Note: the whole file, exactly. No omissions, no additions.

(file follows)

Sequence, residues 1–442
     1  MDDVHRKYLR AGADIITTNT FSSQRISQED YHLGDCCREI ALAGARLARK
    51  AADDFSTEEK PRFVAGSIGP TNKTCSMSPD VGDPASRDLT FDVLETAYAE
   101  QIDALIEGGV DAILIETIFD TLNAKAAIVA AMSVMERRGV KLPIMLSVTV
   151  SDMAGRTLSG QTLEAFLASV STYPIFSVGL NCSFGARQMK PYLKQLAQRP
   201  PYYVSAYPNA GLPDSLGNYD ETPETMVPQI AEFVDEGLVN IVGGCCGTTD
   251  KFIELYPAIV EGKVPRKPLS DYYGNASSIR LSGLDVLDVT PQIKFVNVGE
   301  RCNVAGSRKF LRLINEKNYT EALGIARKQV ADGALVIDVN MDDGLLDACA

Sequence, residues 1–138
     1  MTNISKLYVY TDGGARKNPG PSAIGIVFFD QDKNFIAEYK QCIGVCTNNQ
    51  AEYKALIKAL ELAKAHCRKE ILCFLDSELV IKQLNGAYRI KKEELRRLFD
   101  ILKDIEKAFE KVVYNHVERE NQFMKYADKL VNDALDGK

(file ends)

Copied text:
Sequence, residues 1–442
     1  MDDVHRKYLR AGADIITTNT FSSQRISQED YHLGDCCREI ALAGARLARK
    51  AADDFSTEEK PRFVAGSIGP TNKTCSMSPD VGDPASRDLT FDVLETAYAE
   101  QIDALIEGGV DAILIETIFD TLNAKAAIVA AMSVMERRGV KLPIMLSVTV
   151  SDMAGRTLSG QTLEAFLASV STYPIFSVGL NCSFGARQMK PYLKQLAQRP
   201  PYYVSAYPNA GLPDSLGNYD ETPETMVPQI AEFVDEGLVN IVGGCCGTTD
   251  KFIELYPAIV EGKVPRKPLS DYYGNASSIR LSGLDVLDVT PQIKFVNVGE
   301  RCNVAGSRKF LRLINEKNYT EALGIARKQV ADGALVIDVN MDDGLLDACA

Sequence, residues 1–138
     1  MTNISKLYVY TDGGARKNPG PSAIGIVFFD QDKNFIAEYK QCIGVCTNNQ
    51  AEYKALIKAL ELAKAHCRKE ILCFLDSELV IKQLNGAYRI KKEELRRLFD
   101  ILKDIEKAFE KVVYNHVERE NQFMKYADKL VNDALDGK